I would also like to report progress on a second issue raised by the GAO report: problems with equipment, which undermine U.S. assistance efforts. The State Department’s Bureau of Nonproliferation manages the implementation of radiation detection projects overseas through its technical partners at Energy and Defense. Recently, the Department of Energy’s Second Line of Defense (SLD) program agreed to take on the repair and replacement of a large array of detection equipment overseas on a global basis. This equipment includes portal monitors, hand held isotopic identifiers and radiation pagers, and x-ray vans equipped with gamma detectors. With the transfer of this vital maintenance and upgrade program to SLD, repairs will be made more swiftly than in the past and obsolete or marginal equipment overseas will be systematically upgraded to the highest state of the art technology appropriate for the particular country.

Before closing, it needs to be made clear that second line of defense programs go beyond the provision of equipment, training, and assistance detailed in the GAO report. They also include the tracking of and response to reported incidents of illicit trafficking of nuclear materials and radiation sources. The Department of State leads the interagency in these efforts. Drawing principally from intelligence, official IAEA trafficking reports and other sources, responsible offices in the State Department evaluate specific incidents and direct our embassies and other posts in aiding host governments in their response.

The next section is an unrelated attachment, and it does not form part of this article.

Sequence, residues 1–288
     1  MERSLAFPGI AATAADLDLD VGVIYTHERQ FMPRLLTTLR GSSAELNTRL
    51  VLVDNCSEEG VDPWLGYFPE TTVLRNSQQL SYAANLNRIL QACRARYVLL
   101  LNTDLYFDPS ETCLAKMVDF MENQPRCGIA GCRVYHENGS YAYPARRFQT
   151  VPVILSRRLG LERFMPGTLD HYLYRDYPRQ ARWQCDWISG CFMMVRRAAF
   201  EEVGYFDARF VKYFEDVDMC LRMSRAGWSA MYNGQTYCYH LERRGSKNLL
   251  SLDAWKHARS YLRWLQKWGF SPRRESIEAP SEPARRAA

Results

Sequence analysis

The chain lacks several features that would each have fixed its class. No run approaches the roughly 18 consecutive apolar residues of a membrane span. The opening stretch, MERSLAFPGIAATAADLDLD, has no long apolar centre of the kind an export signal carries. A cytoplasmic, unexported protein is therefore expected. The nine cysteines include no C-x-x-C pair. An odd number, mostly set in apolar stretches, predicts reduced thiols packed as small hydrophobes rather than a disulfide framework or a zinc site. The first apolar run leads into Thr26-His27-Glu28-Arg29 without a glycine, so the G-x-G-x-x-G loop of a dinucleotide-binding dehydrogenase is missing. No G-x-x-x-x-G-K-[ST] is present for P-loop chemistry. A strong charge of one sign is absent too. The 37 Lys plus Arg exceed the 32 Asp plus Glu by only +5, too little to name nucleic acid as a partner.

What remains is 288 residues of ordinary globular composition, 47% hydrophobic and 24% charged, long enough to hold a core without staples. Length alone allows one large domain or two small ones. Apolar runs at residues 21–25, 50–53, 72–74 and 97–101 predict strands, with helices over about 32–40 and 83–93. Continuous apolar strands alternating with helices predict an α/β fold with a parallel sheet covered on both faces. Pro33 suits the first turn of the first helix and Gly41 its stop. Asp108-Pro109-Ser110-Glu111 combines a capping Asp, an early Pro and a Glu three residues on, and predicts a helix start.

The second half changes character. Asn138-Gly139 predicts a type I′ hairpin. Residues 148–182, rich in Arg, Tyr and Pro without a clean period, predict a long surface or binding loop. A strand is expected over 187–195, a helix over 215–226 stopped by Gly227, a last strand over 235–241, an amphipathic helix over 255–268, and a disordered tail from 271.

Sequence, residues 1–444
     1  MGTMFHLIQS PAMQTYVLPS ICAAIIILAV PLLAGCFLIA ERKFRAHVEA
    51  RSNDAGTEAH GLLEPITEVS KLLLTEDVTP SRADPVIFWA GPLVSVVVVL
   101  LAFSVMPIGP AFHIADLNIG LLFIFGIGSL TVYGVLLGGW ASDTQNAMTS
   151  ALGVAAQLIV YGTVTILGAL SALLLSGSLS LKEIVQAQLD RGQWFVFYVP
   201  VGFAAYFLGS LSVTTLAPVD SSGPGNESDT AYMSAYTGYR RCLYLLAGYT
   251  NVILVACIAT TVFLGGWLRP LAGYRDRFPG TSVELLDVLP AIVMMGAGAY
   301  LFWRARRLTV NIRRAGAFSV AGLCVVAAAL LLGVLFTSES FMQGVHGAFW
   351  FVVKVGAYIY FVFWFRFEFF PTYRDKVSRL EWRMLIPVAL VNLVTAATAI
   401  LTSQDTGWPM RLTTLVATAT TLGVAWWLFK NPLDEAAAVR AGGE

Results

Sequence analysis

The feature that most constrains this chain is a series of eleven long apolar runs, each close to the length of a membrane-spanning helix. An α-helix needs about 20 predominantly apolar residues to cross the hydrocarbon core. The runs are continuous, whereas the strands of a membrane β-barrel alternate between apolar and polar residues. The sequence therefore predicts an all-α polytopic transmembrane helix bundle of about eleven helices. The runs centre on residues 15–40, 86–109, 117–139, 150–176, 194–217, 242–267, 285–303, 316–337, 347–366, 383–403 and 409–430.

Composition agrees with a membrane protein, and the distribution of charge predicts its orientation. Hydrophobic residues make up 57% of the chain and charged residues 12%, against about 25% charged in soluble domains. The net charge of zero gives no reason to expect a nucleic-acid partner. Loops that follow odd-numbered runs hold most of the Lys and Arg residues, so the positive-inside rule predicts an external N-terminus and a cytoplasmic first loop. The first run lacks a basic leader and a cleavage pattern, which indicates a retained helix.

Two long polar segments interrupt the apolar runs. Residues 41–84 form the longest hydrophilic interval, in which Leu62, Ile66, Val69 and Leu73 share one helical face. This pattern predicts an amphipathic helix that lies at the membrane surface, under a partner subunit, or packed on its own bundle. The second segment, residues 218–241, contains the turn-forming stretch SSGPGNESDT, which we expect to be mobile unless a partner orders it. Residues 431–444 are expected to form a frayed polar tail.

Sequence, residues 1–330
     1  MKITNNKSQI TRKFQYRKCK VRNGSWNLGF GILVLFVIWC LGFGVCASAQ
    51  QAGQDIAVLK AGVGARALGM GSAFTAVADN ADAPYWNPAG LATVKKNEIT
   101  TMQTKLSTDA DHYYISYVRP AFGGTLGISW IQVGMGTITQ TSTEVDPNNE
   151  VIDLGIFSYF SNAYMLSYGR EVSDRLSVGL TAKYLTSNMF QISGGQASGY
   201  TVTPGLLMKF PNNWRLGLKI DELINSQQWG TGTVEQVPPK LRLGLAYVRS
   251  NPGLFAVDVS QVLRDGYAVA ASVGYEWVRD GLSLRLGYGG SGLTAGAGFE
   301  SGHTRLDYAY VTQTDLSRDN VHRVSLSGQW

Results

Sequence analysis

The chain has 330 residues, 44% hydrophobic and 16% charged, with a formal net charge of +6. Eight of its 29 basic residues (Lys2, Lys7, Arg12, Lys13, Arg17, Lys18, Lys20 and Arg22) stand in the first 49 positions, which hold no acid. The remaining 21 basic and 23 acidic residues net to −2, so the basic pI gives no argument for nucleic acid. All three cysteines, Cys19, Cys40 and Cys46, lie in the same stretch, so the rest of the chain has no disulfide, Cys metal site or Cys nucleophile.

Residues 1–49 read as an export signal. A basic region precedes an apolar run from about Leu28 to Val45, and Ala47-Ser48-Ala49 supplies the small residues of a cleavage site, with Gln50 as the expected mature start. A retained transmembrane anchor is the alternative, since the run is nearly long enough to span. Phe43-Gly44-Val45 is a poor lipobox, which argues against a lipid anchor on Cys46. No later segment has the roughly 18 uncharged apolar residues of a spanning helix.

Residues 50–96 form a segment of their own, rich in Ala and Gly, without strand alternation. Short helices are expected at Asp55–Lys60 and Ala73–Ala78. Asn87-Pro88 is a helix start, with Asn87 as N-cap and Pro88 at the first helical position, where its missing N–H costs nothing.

Given the serious consequences that could flow from trafficking in nuclear materials, the Department of State has recently issued revised guidelines to all diplomatic and consular posts in reporting and handling smuggling incidents. The Department convenes monthly meetings of an interagency working group that includes representatives from Energy, Defense, CIA, Customs, NRC and FBI to discuss specific trafficking incidents in an effort to eliminate duplicative investigation while improving information-sharing.